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The 10 Mistakes New Entrepreneurs Are Making

Last Month I hosted a Facebook Live broadcast in my private Facebook group on the 10 mistakes new entrepreneurs are making. It received very positive feedback so I've decided to turn it into a Facebook post and podcast. Most of the mistakes listed I've done personally so I'm teaching from experience. I'm also a fan of supporting other small businesses so some of these mistakes I've noticed in others around me. I curated this list to help you mediate the inefficiencies in your own business or to provide insight on things to be aware of before you launch. Make sure you check out the corresponding podcast episode on Soundcloud or iTunes!

Now, let's jump right in! 

Not Setting Terms and Agreements Up Front

As a service provider, I can say first hand that its imperative to be crystal clear on the terms and agreements of the services you are providing. Clear up any confusion on expected deliverables, timelines and pricing up front. Especially when you are first starting out, there are people who will assume your services are pro-bono or discounted. Ensure that both parties understand and then move on to documenting those terms.

Not Closing Deals, Agreements and Collaborations in Writing

Continuing on from the previous mistake, the next is not getting your deals, agreements and collaborations in writing. You're never too small or too big to protect yourself legally. Whether you're bartering, collaborating or simply providing a service, get everything in writing. This is your checkpoint to ensure all parties understand and agree to the terms and conditions. At minimum your contract should cover what the deliverables are, due dates, terms of payments, late fees and consequences for breach of contract. Docracy is a free tool that you can use to create contracts and get electronic signatures.

Not Providing Invoices to Your Clients

See the podcast episode to hear my rant on why is this a pet peeve of mine. Simply put, make it easy for people to pay you. Do not ask someone to just "send you money". If you don't have a payment processor within your website, send invoices via PayPal or Square.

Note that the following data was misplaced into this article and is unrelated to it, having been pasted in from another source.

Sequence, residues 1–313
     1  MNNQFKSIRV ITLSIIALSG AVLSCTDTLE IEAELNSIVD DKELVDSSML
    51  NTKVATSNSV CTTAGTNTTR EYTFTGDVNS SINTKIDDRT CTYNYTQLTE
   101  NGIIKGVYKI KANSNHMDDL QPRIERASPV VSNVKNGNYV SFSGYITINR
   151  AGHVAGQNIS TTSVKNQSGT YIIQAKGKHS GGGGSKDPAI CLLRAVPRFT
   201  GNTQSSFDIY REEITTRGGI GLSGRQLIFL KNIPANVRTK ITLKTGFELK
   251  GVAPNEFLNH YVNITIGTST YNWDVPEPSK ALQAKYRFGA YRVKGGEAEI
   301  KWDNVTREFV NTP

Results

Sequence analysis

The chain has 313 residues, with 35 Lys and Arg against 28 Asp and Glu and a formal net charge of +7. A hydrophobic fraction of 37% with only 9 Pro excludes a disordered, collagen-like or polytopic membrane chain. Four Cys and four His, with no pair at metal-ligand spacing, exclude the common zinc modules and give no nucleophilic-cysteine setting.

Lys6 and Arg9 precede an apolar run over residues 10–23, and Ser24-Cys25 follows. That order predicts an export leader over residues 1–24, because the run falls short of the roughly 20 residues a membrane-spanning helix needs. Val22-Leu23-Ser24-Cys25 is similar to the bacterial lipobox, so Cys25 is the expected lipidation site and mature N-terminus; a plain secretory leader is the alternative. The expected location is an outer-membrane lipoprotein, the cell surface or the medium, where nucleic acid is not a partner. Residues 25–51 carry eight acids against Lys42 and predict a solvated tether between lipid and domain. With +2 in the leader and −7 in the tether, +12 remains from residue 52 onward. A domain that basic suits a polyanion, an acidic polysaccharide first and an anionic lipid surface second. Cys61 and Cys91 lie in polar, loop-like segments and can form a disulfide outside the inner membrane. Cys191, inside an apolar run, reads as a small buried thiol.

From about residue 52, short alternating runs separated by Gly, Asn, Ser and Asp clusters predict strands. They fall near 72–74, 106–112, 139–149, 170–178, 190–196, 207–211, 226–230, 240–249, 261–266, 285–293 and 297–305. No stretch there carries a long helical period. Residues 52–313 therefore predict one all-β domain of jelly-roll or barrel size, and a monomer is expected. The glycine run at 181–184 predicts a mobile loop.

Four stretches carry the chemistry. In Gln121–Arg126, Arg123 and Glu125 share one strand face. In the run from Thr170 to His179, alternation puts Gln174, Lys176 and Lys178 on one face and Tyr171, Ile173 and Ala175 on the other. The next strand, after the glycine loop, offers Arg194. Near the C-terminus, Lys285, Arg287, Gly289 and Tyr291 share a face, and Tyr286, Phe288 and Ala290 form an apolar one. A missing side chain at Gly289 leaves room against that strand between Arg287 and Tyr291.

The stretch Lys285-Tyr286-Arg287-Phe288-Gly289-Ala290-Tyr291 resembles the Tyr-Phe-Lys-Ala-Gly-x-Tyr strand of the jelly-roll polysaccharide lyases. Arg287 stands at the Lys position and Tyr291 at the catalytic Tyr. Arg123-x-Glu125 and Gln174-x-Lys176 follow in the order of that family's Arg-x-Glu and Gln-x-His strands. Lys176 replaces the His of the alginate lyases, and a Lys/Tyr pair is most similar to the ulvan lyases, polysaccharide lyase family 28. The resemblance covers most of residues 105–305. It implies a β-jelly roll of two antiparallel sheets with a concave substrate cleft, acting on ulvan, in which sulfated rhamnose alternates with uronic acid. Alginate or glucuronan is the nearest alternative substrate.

Not Leveraging Email

If social media were to go away today, would you still be in business? Would customers know how to find you? If you aren't sure of that answer, I highly encourage you begin building your email list. You need another tool outside of social media to keep track of who is interested in your business. Email marketing is another way to build trust, showcase your expertise, and of course, sell.

Teaching What You Don't Know

Teach what you're an expert in! And continue to grow your expertise by reading and studying. You'll never run out of things to say if know what you're talking about. Avoid beinglabeled a fraud and stick to your expertise. Of course over time, your skillset and knowledge base will expand and so will your services. But don't rush the process of offering a suite of services that you aren't truly prepared to provide. Don't attempt to be one of the "cool kids" by offering what everyone else is selling and fall victim to copy cat syndrome.

Not Capitalizing on Your Momentum 

I highly recommend planning at least one quarter in advance. In my Bombshell Business Plan Template, I intentionally created sections for quarterly action planning. By planning in advance, you avoid having to create new ideas in the spur of the moment. Many of us are simply planning for one large launch. But what happens if that launch is successful? How will you maintain the attention of your audience? Your product sold out, your event was fantastic or your blog post went viral. Awesome! But now what? By planning in advance, you already know what's coming next and can preview it to your audience to keep them engaged. Don't go ghost for a few weeks and expect that audience to wait patiently for your return. Consistency is king. In the Bombshell Launch Your Brand Toolkit, I provide templates to help you prep for various launches and a tool to keep track of your exposure as well.